~ Richard Foster and Gayle Beebe, ‘Longing for God’

 My daughter came home from school last week singing:

“When I needed a neighbour, were you there? Were you there?

When I needed a neighbour were you there?

And the creed and the colour and the name won’t matter

Were you there? Were you there?”

It’s been decades since I last heard that song. It made me think. For a long time, when I have asked God what He wants me to do, often the only response has been, “Be a good friend.” This I have found continually baffling. Is that it? That can’t be all of it, surely?

When I heard my daughter sing, I wondered what would happen if I swapped ‘neighbour’ for ‘friend’.

When I needed a friend, were you there?

And suddenly the penny dropped. It makes a whole lot of sense. ‘Neighbour’, in my mind, despite my knowledge of the biblical description, is a somewhat vague term. My neighbour is the person who lives next door, someone I smile at and say ‘good morning’ to. My neighbour is someone who puts out our dustbin when we’re away and with whom I share the occasional friendly chat on the driveway or over the garden fence (the neighbours on the other side pretend we don’t exist and never even acknowledge our presence, even though we have lived next door for over a year now!).

So ‘neighbour’ has certain cultural connotations, despite my intellectual understanding of its use in the bible. ‘Friend’, on the other hand, I can understand: I can be a friend and I’m doing the work of God. This doesn’t mean I can use this as an excuse to only spend time with people I really like and consider it a job done, but it makes the idea of ‘love thy neighbour’ a little more accessible.

So this is what happened over this past week: Jesus tapped me on the head. I wondered how I could have missed it for so long, given that Jesus’ entire ministry was spent with His friends. D’oh!

Love your neighbour. And this is how you do it: be a good friend.

“I’ve told you these things for a purpose: that my joy might be your joy, and your joy wholly mature. This is my command: Love one another the way I loved you. This is the very best way to love. Put your life on the line for your friends. You are my friends when you do the things I command you. I’m no longer calling you servants because servants don’t understand what their master is thinking and planning. No, I’ve named you friends because I’ve let you in on everything I’ve heard from the Father.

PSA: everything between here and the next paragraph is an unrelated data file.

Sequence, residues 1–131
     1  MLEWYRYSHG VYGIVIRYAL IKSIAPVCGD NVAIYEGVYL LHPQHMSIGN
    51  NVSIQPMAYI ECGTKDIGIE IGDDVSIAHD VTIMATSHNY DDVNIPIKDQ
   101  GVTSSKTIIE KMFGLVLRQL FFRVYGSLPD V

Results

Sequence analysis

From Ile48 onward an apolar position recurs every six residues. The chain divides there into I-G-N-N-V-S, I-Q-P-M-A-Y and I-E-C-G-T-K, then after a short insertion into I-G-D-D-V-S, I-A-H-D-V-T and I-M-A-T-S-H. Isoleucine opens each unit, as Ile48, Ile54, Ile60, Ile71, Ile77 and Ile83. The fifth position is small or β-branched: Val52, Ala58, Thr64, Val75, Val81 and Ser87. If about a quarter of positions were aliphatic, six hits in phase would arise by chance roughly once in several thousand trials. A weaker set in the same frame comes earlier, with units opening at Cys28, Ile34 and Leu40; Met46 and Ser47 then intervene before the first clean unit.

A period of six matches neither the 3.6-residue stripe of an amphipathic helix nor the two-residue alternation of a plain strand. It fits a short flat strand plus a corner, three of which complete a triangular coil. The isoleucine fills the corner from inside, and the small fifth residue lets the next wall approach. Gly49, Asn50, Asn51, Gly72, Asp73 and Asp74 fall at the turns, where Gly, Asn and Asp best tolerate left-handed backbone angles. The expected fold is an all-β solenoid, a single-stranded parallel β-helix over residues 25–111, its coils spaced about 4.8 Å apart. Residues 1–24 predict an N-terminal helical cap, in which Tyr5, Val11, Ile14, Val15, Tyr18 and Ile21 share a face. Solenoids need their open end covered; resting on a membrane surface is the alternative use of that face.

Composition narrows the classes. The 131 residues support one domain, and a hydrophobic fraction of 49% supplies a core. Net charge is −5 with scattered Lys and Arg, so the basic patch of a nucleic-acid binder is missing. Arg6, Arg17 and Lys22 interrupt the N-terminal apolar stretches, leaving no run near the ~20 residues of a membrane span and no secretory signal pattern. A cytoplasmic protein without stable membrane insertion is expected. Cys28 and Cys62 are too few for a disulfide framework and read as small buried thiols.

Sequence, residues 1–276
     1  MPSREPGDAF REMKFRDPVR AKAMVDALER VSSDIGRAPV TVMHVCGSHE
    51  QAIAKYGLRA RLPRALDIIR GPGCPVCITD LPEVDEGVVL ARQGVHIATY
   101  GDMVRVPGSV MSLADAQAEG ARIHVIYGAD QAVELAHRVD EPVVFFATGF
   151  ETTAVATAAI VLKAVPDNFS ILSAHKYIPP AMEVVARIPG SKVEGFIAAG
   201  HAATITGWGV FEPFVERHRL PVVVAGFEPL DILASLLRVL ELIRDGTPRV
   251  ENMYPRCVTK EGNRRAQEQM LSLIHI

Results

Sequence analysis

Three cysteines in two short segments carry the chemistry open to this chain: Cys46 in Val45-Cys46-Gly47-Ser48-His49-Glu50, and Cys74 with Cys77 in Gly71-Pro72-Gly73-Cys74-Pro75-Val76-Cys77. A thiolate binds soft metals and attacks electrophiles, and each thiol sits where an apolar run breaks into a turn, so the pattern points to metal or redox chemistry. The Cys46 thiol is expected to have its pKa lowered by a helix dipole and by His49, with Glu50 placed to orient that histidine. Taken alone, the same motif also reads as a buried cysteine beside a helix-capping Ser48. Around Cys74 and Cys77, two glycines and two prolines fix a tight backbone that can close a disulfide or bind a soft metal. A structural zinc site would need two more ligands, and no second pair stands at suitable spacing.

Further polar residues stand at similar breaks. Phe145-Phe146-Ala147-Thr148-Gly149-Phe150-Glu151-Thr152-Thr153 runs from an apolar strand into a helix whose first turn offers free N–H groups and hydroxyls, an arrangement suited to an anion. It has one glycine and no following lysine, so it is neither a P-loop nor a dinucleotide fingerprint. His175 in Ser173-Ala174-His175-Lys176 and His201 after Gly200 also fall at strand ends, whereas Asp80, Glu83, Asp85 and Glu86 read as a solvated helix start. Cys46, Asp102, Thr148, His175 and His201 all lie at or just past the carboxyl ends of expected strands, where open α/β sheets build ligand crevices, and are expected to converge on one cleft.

“You didn’t choose me, remember; I chose you, and put you in the world to bear fruit, fruit that won’t spoil. As fruit bearers, whatever you ask the Father in relation to me, he gives you.

“But remember the root command: Love one another.”

John 15:11-17 (The Message)

Priorities

No matter where we start, our life with God must pass through the cross. In a day filled with all sorts of spiritual options, it is hard to recognise the enduring testimony of this uniquely Christian approach. The idea of the cross and the sense of sacrifice it entails call us to a path different from every other.

~ Longing for God by Richard Foster and Gayle Beebe

Reblog: Bible Memes You Never See

Excellent post. Chipper little bible verses are great in their own way, but they’re a signpost to the bigger picture. Too often in our instant gratification, can’t-be-bothered culture, we forget that there is a paragraph around that sentence, a chapter around that paragraph, other chapters around the original chapter, a book around those chapters and a collection of books in one cover that sets the entire context – God’s beautiful word, contained in the bible.

I think it was Adrian Plass who wrote that the bible is God’s love letter to humankind. Context is vital if we are to understand the real message of the bible. Who wrote it? What was their culture like? When was it written? Was it written by more than one person? How did it get passed down through the millennia? And then of course we get to the ‘why’. Why was this written, in this way, at the time in which it was written? Which areas have remained the same through history and are equally valid to us today? Which areas were specific to the time in which they were written?

As a Follower of Christ, the importance of the Word is dear to my heart. If I am to know it with all my ability, I have to ask these questions – I have to have context.

Tim's Blog - Just One Train Wreck After Another

I’m thinking of publishing a new Scripture translation. I’m going to call it The Meme Bible.

Meme – a humorous image, video, piece of text, etc. that is copied (often with slight variations) and spread rapidly by Internet users.

Bible – a collection of texts sacred in Judaism and Christianity.

Spend any time on social media and you’ll see memes. Spend time on social media where Christians post their thoughts and you’ll see Bible memes, complete with chapter and verse, offered to inspire and encourage people through the word of God.

Yet I’ve never seen a meme for Job 2:9b. Instead, I see memes on the blessing of abiding in Christ, and on the love of God and loving one another. They always feature pleasant typeface and compelling imagery  such as rainbows, running horses, storm-tossed seas, and more images that draw the eye to the text.

Meming Responsibly

I have to…

View original post 783 more words

Humility is Strength, not Weakness

Humility… is a result of seeing ourselves properly. It involves recognising that our gifts and abilities need to be developed further. It understands that others have gifts and abilities as well. Humility allows us to see our role in the greater purposes of God’s design without feeling threatened by the achievements of others.

Foster & Beebe, Longing for God

LittlePeople

Happy are those who are humble; 

they will receive what God has promised!

Happy are those whose greatest desire is to do what God requires; 

God will satisfy them fully!

Matthew 5:5,6 (GNT)